Sunday, December 10, 2017

Vicious Greenies get respected IPCC scientist charged because he mapped glaciers as is standard, not as they wanted

A prominent geoscientist in Argentina is facing criminal charges over accusations that he manipulated a government survey of glaciers at the behest of mining interests.

On 27 November, a federal judge in Buenos Aires charged Ricardo Villalba, the former director of the Argentinian Institute of Snow, Ice and Environmental Research (IANIGLA) in Mendoza, with abusing his authority and violating his duty as a civil servant. Villalba appealed against his indictment on 4 December — but if he loses, the case will go to trial. In the meantime, the court has ordered Villalba to stay in the country, and has authorized the seizure of his assets up to 5 million pesos (US$289,000).

The case hinges on the definition of a glacier as viewed from space. When Villalba began the government survey in 2011, he determined that it would include glaciers of 1 hectare or larger — following international norms for satellite analyses. But environmental activists in Argentina’s San Juan province argue that he excluded some smaller glaciers to prevent tougher regulation of adjacent mines operated by the Barrick Gold Corporation of Toronto, Canada. Villalba’s scientific colleagues in Argentina and abroad say the charges against him are baseless and political.

International support

“It’s surreal and kind of ridiculous,” says Bruce Raup, a glaciologist at the National Snow and Ice Data Center in Boulder, Colorado, who co-authored a letter of support for Villalba. Raup maintains an international glacier database that includes information from the ongoing Argentinian survey. He says that many scientists set a minimum glacier size of 1 hectare to reduce the risk of incorrectly counting ephemeral snow and ice.

Villalba rejects the idea that he or his colleagues at IANIGLA failed to carry out their duties properly. “There is no other institution in Argentina that has done more for the knowledge, care and protection of glaciers than IANIGLA,” he says. The allegation that the glacier surveys were designed to promote mining interests "is totally wrong", he says, and a blow to science in Argentina generally.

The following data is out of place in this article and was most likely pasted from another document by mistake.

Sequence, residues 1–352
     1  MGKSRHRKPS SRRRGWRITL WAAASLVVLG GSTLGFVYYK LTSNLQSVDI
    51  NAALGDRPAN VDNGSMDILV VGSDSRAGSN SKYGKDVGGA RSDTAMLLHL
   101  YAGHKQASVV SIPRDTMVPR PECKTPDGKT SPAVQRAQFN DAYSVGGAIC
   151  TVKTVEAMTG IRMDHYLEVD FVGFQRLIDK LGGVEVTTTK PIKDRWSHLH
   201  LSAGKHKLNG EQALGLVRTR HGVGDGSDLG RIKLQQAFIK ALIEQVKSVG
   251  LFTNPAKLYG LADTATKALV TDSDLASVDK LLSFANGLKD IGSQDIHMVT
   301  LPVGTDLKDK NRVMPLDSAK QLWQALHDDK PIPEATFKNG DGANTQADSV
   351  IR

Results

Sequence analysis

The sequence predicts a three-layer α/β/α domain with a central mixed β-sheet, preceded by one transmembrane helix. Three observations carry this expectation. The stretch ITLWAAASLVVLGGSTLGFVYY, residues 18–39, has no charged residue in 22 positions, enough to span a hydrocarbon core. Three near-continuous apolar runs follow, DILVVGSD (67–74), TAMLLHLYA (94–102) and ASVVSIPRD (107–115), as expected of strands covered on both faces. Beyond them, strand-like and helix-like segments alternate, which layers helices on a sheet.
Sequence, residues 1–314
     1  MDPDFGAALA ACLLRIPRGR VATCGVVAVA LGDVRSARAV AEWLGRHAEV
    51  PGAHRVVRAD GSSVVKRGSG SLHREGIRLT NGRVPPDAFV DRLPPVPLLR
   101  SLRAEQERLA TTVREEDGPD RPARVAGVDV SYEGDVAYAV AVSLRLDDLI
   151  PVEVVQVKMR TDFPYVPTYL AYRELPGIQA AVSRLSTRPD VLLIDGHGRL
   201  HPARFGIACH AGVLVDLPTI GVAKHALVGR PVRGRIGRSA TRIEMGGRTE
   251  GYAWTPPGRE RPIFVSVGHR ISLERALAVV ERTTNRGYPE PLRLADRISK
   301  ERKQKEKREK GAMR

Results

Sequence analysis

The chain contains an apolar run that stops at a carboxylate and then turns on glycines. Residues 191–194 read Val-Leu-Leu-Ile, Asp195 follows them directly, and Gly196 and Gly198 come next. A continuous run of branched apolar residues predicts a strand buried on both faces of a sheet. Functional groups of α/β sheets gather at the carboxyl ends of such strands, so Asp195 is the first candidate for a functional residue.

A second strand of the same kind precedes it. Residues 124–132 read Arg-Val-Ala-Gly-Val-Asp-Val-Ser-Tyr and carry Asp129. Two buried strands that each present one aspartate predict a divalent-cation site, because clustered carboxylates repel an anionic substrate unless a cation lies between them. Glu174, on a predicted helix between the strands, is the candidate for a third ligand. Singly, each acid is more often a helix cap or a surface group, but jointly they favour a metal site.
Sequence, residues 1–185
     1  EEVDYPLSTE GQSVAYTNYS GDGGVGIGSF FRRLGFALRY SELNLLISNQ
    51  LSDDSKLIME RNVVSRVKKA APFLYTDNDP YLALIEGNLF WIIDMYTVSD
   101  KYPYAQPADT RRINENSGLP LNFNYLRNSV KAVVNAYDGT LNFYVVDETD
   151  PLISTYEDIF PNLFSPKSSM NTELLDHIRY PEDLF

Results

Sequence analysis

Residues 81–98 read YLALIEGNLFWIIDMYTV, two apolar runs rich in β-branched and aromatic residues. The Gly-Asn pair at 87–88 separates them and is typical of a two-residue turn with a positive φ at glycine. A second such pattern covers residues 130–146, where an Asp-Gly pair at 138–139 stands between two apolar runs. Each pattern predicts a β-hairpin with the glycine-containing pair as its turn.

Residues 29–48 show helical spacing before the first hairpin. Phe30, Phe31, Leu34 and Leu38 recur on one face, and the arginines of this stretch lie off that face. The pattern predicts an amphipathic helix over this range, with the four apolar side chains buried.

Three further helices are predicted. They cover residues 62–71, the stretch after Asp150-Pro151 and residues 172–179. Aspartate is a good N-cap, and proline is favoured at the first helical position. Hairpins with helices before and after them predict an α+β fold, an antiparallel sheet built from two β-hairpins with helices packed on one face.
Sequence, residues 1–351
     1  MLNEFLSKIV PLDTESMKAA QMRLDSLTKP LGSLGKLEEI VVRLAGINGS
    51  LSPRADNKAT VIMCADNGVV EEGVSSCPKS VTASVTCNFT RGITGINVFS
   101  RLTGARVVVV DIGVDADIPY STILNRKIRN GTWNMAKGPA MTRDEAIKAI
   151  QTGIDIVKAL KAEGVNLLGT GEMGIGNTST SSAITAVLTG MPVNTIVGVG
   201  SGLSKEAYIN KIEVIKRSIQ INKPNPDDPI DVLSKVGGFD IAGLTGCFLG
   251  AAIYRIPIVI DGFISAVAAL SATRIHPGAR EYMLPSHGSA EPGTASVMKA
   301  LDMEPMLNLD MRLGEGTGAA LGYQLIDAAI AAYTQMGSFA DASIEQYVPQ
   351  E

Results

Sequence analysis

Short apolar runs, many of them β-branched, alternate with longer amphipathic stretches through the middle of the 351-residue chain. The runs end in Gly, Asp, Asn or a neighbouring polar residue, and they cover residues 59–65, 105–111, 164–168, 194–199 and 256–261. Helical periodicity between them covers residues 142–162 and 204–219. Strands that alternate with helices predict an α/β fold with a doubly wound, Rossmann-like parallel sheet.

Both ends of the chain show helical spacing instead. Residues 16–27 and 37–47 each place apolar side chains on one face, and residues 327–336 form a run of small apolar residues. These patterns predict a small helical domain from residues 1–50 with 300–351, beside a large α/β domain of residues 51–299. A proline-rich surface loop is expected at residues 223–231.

Fellow scientists have rushed to his defence. Villalba's co-workers at the National Scientific and Technical Research Council (CONICET) in Mendoz protested on his behalf as he entered his appeal on 4 December. And scientists in other countries who have worked with Villalba are collecting signatures on a letter defending him and his glacier survey. Many of these researchers see parallels between Villalba's case and that of six seismologists who were found guilty of manslaughter for misleading the public about the dangers of an earthquake, although their convictions were later overturned.

The charges against Villalba stem from a lawsuit by environmental activists in San José de Jáchal, a community in the northwestern part of the country. They argue that the glacier survey conducted by Villalba and his colleagues at IANIGLA did not comply with a law enacted in 2010 that was designed to give extra protections to Argentina's glaciers, which provide the bulk of the country's water. The law also directed the government to conduct a survey of Argentina's land ice — the work that Villalba, who had advocated for the law's passage, later coordinated.

Environmental impact

The environmental activists argue that Villalba and his colleagues should have documented all glaciers, no matter the size — including ice in the vicinity of Barrick Gold’s Veladero gold mine, near San José de Jáchal. "The law did not distinguish glaciers by surface or size," says Diego Seguí, a lawyer who is representing the activist group, the Asamblea Jachál No Se Toca.

Once the ice near the mine had been mapped, the activists say, the law would have required the scientists to audit the Barrick facility's impact on glacial resources. They claim that this would have halted activities there, thus preventing the three cyanide spills that have taken place at the mine over the past two years.

Villalba and his allies reject that idea. They say that as a science agency, IANIGLA is not responsible for enforcing environmental rules. Instead, they argue that the responsibility of maintaining environmental safety at the Veladero mine is the duty of Barrick and of Argentina’s environmental regulators.

“Clearly there is no relationship between the actual mapping and the spill of cyanide,” says Tom Veblen, a geographer at the University of Colorado Boulder who was Villalba’s graduate adviser. “Ricardo is being used as a scapegoat, without a doubt."


Moody's Climate Change Delusion

Moody's might downgrade themselves if they push too hard on this

Coastal cities and towns across the United States are now facing significant pressure from Moody's Investors Service, one of the world's most important credit agencies, to battle climate change. Failing to do so, Moody's warns, could result in downgraded credit ratings.

In a recent report to clients, Moody's outlined several indicators its analysts use to assess "the exposure and overall susceptibility of U.S. states to the physical effects of climate change" while crafting credit ratings for state, city, and regional government bonds. Among the indicators Moody's listed is the share of a community's economy that's linked to the coast.

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Moody's says cities with large ports or an extensive fishing industry, for instance, are at a greater risk of climate change-related disasters.